The push against a federal health care overhaul continued Tuesday in the state legislature. A proposal that seeks to overturn the federal law is now ready for a vote in the Tennessee House of Representatives.
The “Health Freedom Act” has already passed the state Senate.
Yesterday, the House Commerce Committee approved the measure, with mostly Republican votes, and sent it to the House floor.
The bill directs the state Attorney General to file suit against the federal health care law. The Attorney General has said he won’t take the case to court.
During the debate Tuesday, Ripley Democrat Craig Fitzhugh waved a cost estimate for the bill in the air. The estimate says since the attorney general doesn’t intend to do anything, there’s no expense to the state.
“So the bottom line, I think, is … there is no fiscal cost to this bill because it will have no effect. Nothing will happen if it is passed.”
The estimate, from the legislature’s Fiscal Review staff, also says that if lawmakers hire private counsel, the cost would go up to an estimated $50,000. Senate speaker Ron Ramsey has threatened to hire an independent lawyer if the Attorney General won’t sue.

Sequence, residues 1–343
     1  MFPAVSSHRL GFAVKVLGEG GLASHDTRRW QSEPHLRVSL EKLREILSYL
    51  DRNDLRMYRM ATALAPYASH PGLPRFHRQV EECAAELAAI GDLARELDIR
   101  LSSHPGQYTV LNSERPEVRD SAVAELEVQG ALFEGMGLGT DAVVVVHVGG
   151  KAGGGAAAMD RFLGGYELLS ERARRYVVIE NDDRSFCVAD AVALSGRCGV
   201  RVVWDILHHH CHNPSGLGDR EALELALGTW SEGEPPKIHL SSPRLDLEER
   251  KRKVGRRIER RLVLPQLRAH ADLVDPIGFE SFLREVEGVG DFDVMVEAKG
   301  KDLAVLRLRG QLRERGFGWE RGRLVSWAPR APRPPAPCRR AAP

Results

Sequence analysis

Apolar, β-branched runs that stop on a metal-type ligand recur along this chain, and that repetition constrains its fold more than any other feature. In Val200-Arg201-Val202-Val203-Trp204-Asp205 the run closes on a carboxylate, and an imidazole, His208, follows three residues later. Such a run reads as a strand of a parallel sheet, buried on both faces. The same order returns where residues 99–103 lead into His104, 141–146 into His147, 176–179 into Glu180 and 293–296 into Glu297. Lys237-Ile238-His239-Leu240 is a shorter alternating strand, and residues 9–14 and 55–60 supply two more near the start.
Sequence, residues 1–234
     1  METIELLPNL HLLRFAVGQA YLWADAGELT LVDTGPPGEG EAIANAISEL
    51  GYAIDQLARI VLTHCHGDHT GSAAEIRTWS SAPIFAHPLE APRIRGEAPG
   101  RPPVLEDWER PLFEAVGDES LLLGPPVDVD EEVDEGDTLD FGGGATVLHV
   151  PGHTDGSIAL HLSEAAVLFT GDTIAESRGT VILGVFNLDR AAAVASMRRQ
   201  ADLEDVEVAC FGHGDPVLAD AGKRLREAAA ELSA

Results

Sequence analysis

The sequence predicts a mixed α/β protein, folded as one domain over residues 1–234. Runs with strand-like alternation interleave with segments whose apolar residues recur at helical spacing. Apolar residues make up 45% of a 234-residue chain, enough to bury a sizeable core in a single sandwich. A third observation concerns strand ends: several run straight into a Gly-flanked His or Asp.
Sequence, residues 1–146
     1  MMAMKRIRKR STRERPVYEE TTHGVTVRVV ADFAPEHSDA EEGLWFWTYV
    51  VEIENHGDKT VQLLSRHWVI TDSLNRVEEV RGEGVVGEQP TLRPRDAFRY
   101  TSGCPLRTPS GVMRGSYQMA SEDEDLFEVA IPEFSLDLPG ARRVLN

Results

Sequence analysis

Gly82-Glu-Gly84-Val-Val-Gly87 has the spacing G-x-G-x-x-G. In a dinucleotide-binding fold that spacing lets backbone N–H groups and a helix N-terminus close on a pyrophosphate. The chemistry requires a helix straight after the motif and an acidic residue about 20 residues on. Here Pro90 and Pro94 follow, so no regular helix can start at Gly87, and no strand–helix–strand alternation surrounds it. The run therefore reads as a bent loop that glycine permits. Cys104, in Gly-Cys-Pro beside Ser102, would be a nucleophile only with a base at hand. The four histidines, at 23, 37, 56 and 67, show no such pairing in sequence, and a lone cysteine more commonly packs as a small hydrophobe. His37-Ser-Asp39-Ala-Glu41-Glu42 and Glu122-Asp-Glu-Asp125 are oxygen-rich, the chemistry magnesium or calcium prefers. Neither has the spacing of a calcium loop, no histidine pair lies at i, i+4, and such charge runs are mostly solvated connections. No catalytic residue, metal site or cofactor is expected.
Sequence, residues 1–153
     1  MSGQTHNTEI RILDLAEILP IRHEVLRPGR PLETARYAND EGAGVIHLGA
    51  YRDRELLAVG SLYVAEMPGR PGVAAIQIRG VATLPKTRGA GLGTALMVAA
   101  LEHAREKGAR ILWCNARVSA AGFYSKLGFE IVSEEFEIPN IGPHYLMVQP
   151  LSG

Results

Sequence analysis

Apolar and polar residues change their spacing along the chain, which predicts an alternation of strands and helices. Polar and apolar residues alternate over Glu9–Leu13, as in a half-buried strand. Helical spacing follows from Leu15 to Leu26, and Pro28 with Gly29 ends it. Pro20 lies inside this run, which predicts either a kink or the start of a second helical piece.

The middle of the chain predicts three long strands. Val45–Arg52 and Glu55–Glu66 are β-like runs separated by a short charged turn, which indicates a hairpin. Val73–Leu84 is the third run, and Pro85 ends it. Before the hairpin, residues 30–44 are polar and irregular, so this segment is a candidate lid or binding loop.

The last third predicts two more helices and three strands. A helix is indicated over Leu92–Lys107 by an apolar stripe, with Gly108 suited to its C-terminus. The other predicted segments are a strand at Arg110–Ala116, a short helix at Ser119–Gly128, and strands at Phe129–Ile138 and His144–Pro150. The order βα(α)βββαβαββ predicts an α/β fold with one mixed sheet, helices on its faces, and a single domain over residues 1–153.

Monday night, the state Senate and House approved two different resolutions – both opposing the new federal health care law.
After Democrats quoted the AG’s opinion – that the state bill is likely pre-empted by two clauses of the U.S. Constitution – Bell said the attorney general simply sent back the opinion that was prompted by the way the question was worded.
“He responded to what I think was an ambiguous, poorly worded question, intended to get the response that it got. It said, ‘Are Senate Bill 3498 and House Bill 3433 and House Joint Resolution 745 ‘likely’ pre-empted by federal law?’ …Now, I read nothing in here about it being unconstitutional. I read it that it is ‘likely pre-empted.’ ”
The bill is HB 3433 Bell/SB 3498 Beavers.
The bill passed in the Senate Feb. 17.
This is the controversial fiscal note, which presumes that the bill would have no effect.